Monday, October 17, 2011
Friday, September 16, 2011
According to the Cumberlink Sentinel, a Carlisle, Pennsylvania man faces felony charges after police said he was seen eating raw meat from off the shelf of a Walmart store.
Police say that the man, Scott T. Shover, 53, opened packages of raw ground beef and raw stew beef in the store, ate some of it, placed the opened packages back on the shelf, and then walked out of the store without paying for any of the meat. "Shover was arrested at Taser point without any further issues," according to police.
Shover's record showed that he had four previous retail theft convictions.
Across parts of Australia, reports have been pouring in of strange voices chattering high in the treetops -- mysterious, non-sensical conversations in English. But while this phenomenon is certainly quite odd, its explanation isn't paranormal. It turns out that escaped pet birds, namely parrots and cockatoos, have begun teaching their wild bird counterparts a bit of the language they picked up from their time in captivity -- and, according to witnesses, that includes more than a few expletives.
Jaynia Sladek, an ornithologist from the Australian Museum, says that some birds are just natural mimickers, able to acquire new sounds based on things they hear around them. For birds kept as pets, these sounds tend to mirror human language -- but that influence doesn't cease even after said birds escape or are released back into the wild.
Once back in their natural environments, these chatty ex-pets eventually join with wild birds who, in turn, start picking up the new words and sounds. The remnants of that language also eventually gets passed along to the escaped birds' offspring, much like it does for humans.
"There's no reason why, if one comes into the flock with words, [then] another member of the flock wouldn't pick it up as well," Sladek said in an interview with Australian Geographic.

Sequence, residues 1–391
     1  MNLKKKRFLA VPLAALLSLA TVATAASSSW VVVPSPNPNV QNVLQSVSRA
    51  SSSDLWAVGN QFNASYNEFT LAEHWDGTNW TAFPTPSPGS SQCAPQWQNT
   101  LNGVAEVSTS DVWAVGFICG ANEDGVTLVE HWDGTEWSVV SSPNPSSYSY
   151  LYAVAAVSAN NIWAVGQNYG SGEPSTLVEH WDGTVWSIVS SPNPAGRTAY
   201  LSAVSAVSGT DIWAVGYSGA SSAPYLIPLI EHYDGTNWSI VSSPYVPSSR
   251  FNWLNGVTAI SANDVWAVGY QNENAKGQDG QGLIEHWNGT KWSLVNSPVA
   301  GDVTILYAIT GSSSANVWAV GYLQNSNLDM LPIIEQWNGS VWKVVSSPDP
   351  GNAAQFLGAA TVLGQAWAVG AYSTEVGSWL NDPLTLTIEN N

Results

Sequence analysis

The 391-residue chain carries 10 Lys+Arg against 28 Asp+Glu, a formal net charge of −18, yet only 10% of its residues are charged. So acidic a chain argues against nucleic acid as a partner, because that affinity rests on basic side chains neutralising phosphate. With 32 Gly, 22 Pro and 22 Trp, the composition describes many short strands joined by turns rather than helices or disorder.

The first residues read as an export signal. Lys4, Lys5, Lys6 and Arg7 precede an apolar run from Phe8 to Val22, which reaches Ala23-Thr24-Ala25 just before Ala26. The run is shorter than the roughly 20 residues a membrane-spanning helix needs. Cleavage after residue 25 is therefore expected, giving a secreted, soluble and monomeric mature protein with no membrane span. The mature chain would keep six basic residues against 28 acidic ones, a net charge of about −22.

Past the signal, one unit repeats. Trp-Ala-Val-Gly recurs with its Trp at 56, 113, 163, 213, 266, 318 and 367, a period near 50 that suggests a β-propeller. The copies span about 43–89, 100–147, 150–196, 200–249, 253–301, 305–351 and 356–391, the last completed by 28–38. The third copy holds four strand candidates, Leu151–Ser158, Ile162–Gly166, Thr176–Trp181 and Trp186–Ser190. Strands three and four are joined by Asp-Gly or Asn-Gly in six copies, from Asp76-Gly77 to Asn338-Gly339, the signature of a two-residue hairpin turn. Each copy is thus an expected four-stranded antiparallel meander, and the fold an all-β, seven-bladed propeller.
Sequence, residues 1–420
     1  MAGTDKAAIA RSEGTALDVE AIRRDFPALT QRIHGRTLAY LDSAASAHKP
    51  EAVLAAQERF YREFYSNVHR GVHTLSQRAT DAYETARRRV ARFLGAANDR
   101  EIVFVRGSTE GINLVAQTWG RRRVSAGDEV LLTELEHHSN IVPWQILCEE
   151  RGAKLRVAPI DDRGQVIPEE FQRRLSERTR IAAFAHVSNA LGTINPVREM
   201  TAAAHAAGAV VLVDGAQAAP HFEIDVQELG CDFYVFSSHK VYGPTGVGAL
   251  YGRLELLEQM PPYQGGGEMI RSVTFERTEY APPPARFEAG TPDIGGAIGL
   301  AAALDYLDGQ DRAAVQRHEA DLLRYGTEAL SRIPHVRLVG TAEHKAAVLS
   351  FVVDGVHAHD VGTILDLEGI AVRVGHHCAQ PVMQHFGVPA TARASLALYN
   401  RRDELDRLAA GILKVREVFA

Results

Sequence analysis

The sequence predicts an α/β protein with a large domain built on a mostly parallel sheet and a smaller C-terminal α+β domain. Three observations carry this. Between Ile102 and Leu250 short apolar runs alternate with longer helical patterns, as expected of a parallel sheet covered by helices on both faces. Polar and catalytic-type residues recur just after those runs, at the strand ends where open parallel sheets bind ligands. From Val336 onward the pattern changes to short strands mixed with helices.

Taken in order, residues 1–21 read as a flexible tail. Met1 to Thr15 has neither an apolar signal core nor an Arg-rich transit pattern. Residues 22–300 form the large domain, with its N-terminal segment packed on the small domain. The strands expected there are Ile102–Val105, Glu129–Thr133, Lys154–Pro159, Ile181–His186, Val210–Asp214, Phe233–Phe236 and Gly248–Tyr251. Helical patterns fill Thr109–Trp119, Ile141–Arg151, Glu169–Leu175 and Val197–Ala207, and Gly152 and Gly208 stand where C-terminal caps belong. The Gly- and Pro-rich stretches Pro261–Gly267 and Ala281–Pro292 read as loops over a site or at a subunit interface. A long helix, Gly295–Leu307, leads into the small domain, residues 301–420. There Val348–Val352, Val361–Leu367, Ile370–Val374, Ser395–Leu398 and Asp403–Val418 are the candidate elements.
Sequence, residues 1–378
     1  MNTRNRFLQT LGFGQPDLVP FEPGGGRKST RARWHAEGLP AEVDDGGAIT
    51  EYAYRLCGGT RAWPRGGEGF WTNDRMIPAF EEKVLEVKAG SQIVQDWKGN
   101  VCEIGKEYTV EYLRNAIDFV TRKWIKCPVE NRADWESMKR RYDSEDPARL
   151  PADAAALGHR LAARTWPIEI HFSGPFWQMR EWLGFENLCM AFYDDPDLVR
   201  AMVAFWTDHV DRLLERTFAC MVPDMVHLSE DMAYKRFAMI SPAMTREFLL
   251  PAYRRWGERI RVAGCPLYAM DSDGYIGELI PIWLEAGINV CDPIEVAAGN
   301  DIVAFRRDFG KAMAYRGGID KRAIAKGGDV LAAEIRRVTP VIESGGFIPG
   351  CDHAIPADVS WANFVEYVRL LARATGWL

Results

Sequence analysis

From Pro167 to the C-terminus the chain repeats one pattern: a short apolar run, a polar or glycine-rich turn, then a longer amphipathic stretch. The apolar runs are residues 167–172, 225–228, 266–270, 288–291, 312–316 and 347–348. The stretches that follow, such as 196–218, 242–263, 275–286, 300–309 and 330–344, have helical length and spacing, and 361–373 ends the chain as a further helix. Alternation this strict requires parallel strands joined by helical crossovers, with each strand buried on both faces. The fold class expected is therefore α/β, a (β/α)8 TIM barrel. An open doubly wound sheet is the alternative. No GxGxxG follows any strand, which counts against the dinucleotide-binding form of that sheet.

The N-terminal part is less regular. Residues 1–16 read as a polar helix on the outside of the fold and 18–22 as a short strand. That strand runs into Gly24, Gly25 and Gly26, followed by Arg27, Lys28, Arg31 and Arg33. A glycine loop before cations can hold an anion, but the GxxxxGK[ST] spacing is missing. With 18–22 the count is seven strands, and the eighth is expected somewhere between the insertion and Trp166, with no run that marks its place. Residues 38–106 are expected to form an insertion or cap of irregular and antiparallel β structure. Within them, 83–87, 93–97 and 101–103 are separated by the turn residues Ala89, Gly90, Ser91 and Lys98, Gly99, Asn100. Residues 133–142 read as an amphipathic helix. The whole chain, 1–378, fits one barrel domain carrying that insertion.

According to the report, 'Hello cockie' is one of the most commonly heard phrases feral birds are teaching in the wild, along with a host of expletives -- perhaps the last words those escapees heard after their frantic owners realized they were making a break for freedom.
Wednesday, August 24, 2011
A married lawmaker, pressured to resign after he was reportedly caught 'arranging' a gay sex tryst via Craigslist, has admitted paying a male teen.
However, Indiana state Rep Phillip Hinkle claims he is not gay and can’t explain why he set up the meeting.
The Indianapolis Star reported two weeks ago that Kameryn Gibson, 18, posted the ad for a ‘sugga daddy’ and got a response from Hinkle, 64.
Mr Gibson claimed Mr Hinkle offered him $140 for 'for a really good time.'
The paper published emails between Hinkle, 64, and Gibson, 18, as they set up a meeting at a downtown Indianapolis hotel.
One of them said: 'Cannot be a long time sugar daddy, but can for tonight. Would you be interested in keeping me company for a while tonight?'
The email offered 'to make it worth [your] while' in cash, and offers a personal description: ‘I am an in shape married professional, 5'8", fit 170 lbs, and love getting and staying naked.'
On Tuesday, Hinkle admitted meeting Gibson and giving him $80 for his time, but denied a sex act or any other wrongdoing took place.
The Republican said: 'I went to the edge, but I didn't fall over the edge.'
Mr Gibson claimed he changed his mind about sex when he found out Hinkle was a state rep, but Hinkle wouldn't let him leave the hotel room.
When Gibson called his sister for help, he said she threatened to call the cops and the media, and Mr Hinkle offered to 'give you whatever.'
After hanging up, Mr Gibson alleges that Mr Hinkle grabbed his buttocks, dropped the towel he was wearing and sat naked on the bed.
When Megan arrived later, they said Mr Hinkle gave them his BlackBerry, iPad and $100 cash to keep them quiet.
The siblings also claimed Mr Hinkle's wife also offered them money when she called the BlackBerry.
Megan Gibson told the Star: 'I was like, "Your husband is gay," and then she was like, "You have the wrong person."'
When Gibson began reading the emails and the address they were sent from, she said Barbara Hinkle told them not to call the police and later offered them $10,000 not to tell anyone.
In Mr Hinkle's version of the events, he claims he was the one victimized by the hotel encounter.
He says he came out of the bathroom at one point to find his money clip, business card holder, his BlackBerry, his iPad and Gibson - gone.
He also denied his wife spoke to Kameryn or Megan Gibson.
Mr Hinkle told the paper: 'Anybody who knows my wife knows she would not pay $10 to keep a mistake I made quiet, let alone $10,000.'